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UMS Artists in Residence: Meet Andrew Morton

By UMS Lobby

Editor’s note: UMS is in the second season of its Artists in “Residence” program. Five residents from across disciplines take residence at our performances throughout our season. We’ll profile each resident here on UMS Lobby.

Andrew Morton’s plays include Bloom (a winner at the 2013 Write Now Festival and winner of the 2013 Aurand Harris Memorial Playwriting Award), which received its world premiere at Flint Youth Theatre in May 2014 and was subsequently published by Dramatic Publishing, Inc. Other works include: February (shortlisted for the 2007 Royal Court Young Writers Festival), Drive-Thru Nativity, and the collaborative projects State of Emergency, EMBERS: The Flint Fires Verbatim Theatre Project, and the upcoming The Most [Blank] City in America, premiering at Flint Youth Theatre in April 2016. As a community artist and educator, Morton has worked with a range of organizations across the globe, including working alongside Salvation Army community counselors in Kenya to incorporate participatory theatre into their work with people living with HIV/AIDS. While based in the UK, he worked with several educational theatre companies and was the Education Officer at the Blue Elephant Theatre where he ran the Young People’s Theatre and the Speak Out! Forum Theatre projects. Morton is currently based in Flint, Michigan where he teaches at the University of Michigan-Flint and is Playwright-in-Residence at Flint Youth Theatre.

UMS: Tell us a little about yourself and your background in the Arts.

andrew mortonAndrew Morton: I was born in Derby, England, but moved to Michigan with my family when I was 12 years old. I was raised in a family full of musicians, but as a teenager I became more interested in theater. I studied theater as a undergrad and like most who follow that path, I originally thought I wanted to be an actor. However once I began to explore writing more I realized that was what I really wanted to do. I moved back to the UK in 2004, and then spent six years in London. During that time I was part of the Young Writers Program at the Royal Court Theatre, which I now consider to be one of the most valuable experiences in my artistic journey. I also got my Masters of Arts in Community Arts from Goldsmiths College, which was also incredibly influential on my practice as a theater maker. For a few years I ran several youth theater projects at the Blue Elephant Theatre in Camberwell, South London, and in 2010 I came back to Michigan. Since then I’ve been living in Flint, where I teach theater at UM-Flint and am Playwright-In-Residence at Flint Youth Theatre.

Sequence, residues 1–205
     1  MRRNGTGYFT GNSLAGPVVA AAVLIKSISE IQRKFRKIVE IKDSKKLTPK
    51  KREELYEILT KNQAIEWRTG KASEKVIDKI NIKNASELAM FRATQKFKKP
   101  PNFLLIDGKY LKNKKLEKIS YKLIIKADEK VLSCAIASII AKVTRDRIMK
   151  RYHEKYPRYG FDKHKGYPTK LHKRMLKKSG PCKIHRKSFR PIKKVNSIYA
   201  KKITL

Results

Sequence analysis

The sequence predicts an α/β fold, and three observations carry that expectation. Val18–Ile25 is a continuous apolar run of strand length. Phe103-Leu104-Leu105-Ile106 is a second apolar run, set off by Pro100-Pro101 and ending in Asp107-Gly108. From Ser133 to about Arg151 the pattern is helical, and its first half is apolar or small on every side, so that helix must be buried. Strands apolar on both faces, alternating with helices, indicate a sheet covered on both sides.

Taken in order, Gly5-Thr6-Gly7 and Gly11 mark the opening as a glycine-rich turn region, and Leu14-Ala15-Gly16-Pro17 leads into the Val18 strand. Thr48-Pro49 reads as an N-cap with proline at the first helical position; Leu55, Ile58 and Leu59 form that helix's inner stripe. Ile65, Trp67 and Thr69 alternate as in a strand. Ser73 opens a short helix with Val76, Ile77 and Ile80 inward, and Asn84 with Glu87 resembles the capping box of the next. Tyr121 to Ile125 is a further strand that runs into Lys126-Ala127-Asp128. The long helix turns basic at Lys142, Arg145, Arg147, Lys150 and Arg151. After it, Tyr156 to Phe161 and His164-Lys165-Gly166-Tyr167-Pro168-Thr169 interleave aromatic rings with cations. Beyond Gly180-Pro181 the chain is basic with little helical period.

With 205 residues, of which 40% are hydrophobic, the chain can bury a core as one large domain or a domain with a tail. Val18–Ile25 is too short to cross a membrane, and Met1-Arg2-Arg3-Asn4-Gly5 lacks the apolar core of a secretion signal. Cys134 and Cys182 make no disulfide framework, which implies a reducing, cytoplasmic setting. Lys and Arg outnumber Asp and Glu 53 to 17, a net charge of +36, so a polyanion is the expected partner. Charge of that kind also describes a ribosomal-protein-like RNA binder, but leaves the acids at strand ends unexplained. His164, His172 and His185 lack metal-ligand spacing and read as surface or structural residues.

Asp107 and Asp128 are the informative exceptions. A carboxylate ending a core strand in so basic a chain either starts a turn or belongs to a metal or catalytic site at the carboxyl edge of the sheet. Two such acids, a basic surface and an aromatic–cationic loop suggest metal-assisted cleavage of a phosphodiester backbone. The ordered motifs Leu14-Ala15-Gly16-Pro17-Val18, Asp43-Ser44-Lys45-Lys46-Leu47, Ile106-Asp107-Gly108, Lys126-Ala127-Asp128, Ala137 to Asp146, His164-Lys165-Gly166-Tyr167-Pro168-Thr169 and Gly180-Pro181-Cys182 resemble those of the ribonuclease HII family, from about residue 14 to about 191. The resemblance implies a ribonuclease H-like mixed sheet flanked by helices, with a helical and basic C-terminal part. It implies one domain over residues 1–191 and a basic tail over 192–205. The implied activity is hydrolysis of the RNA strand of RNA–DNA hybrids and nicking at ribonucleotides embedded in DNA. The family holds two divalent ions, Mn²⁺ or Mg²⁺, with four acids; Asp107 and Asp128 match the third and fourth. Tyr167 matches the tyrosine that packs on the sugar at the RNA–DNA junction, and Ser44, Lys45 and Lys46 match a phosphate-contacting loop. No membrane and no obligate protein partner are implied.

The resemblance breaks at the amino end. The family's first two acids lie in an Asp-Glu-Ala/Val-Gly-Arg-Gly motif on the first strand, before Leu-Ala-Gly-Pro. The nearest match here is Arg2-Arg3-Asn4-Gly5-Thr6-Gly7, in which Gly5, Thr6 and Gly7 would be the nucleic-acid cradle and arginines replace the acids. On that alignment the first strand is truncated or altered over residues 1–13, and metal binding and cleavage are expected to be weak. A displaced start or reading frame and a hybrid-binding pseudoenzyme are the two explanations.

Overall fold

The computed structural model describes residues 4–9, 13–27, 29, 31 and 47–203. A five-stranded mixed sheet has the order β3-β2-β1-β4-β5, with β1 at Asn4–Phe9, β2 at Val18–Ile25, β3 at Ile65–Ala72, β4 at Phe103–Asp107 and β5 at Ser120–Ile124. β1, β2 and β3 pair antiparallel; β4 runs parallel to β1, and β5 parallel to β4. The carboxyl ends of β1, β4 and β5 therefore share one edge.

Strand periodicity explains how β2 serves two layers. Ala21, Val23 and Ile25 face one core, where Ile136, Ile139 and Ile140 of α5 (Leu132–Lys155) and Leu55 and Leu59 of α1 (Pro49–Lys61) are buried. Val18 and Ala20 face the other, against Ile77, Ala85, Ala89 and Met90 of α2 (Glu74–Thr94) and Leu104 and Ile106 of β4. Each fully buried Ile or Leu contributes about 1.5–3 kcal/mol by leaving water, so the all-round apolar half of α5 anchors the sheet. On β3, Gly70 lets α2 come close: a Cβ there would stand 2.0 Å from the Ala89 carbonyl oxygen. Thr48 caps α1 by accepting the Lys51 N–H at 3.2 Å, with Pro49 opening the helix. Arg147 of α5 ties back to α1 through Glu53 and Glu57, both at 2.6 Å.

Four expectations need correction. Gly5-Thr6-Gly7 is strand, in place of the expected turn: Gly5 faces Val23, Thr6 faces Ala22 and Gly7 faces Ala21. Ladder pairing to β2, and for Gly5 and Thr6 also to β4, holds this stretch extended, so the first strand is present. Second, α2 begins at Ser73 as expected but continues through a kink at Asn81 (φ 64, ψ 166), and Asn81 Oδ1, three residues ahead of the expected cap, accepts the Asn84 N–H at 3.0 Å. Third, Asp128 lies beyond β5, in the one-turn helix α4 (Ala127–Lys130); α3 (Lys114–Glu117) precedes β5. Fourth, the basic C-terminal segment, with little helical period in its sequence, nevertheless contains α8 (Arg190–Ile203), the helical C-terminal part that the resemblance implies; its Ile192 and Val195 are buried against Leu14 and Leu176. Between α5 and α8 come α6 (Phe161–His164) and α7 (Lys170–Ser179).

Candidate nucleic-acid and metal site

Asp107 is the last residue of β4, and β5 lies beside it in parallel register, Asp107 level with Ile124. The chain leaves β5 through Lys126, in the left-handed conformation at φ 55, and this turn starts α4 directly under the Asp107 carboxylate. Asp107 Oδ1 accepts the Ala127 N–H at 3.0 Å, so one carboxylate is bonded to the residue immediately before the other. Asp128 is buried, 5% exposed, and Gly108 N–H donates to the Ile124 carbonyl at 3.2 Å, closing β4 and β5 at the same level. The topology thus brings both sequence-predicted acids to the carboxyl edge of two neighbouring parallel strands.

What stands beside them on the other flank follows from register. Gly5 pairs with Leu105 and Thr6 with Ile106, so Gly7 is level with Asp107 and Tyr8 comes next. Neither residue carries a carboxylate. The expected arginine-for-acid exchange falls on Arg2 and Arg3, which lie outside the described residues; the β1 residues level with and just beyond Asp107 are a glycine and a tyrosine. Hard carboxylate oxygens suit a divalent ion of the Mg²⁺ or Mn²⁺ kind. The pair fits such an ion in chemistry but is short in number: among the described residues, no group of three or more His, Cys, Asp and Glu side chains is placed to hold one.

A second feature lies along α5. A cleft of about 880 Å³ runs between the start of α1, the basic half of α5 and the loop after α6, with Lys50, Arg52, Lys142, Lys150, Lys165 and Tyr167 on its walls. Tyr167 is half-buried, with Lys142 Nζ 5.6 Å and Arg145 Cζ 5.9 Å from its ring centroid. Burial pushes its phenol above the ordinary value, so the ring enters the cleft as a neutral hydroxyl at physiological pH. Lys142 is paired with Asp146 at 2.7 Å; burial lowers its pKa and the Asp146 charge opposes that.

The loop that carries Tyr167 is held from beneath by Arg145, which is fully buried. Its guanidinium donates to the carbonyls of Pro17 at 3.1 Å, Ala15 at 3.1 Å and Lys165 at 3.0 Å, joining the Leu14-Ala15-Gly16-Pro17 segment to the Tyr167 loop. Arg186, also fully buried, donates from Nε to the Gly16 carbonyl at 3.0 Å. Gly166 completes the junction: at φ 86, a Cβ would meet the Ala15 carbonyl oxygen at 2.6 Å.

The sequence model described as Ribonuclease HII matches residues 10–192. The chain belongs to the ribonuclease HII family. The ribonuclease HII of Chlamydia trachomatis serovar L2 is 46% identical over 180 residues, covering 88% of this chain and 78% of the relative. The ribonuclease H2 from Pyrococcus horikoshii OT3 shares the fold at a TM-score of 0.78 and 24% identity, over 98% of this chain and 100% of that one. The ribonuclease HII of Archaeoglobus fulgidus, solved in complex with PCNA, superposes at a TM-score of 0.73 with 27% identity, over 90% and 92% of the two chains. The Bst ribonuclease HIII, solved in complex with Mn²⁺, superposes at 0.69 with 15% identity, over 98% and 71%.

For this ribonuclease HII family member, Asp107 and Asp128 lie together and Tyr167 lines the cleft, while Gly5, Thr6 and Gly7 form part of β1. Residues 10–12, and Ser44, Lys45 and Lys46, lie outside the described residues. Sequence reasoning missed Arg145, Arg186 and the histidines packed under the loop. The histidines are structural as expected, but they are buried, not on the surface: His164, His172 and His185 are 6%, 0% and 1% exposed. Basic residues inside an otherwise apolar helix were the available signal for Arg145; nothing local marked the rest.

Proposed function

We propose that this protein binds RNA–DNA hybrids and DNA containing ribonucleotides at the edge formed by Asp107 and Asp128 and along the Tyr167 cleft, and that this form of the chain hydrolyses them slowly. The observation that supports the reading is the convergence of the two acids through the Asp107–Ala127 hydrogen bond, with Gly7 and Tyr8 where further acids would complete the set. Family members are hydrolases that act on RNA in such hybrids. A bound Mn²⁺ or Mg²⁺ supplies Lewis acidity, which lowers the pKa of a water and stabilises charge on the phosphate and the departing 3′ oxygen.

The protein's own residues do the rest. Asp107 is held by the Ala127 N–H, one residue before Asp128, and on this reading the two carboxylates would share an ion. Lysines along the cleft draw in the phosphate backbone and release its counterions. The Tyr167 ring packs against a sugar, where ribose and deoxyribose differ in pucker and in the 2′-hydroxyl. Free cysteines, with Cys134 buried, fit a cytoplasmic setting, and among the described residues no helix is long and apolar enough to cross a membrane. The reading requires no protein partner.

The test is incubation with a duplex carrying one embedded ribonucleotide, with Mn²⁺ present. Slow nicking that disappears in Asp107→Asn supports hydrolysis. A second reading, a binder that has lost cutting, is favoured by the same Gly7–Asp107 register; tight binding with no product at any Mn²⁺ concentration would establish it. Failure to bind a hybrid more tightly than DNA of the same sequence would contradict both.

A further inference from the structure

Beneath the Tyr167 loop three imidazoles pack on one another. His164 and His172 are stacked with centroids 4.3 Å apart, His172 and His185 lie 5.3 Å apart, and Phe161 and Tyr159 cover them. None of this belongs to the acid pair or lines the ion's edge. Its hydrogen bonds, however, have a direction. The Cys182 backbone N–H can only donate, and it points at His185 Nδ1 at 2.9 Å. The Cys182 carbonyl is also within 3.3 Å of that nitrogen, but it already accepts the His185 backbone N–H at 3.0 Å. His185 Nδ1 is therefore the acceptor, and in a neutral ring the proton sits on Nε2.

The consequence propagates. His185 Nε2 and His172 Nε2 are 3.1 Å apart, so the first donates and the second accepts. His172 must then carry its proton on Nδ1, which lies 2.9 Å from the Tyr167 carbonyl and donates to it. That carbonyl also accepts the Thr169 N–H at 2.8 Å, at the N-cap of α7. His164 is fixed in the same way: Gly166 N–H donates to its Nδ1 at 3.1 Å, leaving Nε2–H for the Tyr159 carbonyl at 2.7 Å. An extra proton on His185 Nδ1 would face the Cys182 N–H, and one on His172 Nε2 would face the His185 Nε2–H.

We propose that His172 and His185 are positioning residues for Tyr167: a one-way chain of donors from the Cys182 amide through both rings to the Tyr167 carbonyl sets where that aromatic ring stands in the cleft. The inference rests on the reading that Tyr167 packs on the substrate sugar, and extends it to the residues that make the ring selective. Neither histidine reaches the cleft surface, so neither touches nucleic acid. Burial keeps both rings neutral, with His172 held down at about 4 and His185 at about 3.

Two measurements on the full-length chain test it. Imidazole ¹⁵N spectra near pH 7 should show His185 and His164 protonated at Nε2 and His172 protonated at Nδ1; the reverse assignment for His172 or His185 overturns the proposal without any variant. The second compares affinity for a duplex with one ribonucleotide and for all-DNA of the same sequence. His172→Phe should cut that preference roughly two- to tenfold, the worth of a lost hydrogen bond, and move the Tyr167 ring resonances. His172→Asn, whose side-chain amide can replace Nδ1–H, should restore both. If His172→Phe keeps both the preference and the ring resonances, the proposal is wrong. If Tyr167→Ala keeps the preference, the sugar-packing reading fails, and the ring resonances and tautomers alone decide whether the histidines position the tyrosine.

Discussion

UMS: Can you tell us a little about your creative process? Where can we find you working on your art?

AM: I describe a lot of my work as “community-based”, so while occasionally I’ll be writing at home or at the Good Beans Cafe (hands down the best coffee shop in Flint), I also spend a lot of my time out and about talking and listening to people, or facilitating conversations that will inform the work I’m creating. I’m currently developing a new play for Flint Youth Theatre called The Most [Blank] City in America, which is inspired in part by the constant negative press that the city receives. As we want the play to represent a wide range of opinions on Flint and help challenge the dominant narrative of the city being a violent and depressing place, I’ve been working with a team of local artists to engage a wide range of community groups and individuals and listen to their stories about living in Flint. We’ve had conversations in music venues, schools, parks, and are just about to start a second round of these in the fall. The play will be produced at Flint Youth Theatre in April next year, so our challenge is to try and include as many stories and voices as we can in the final piece.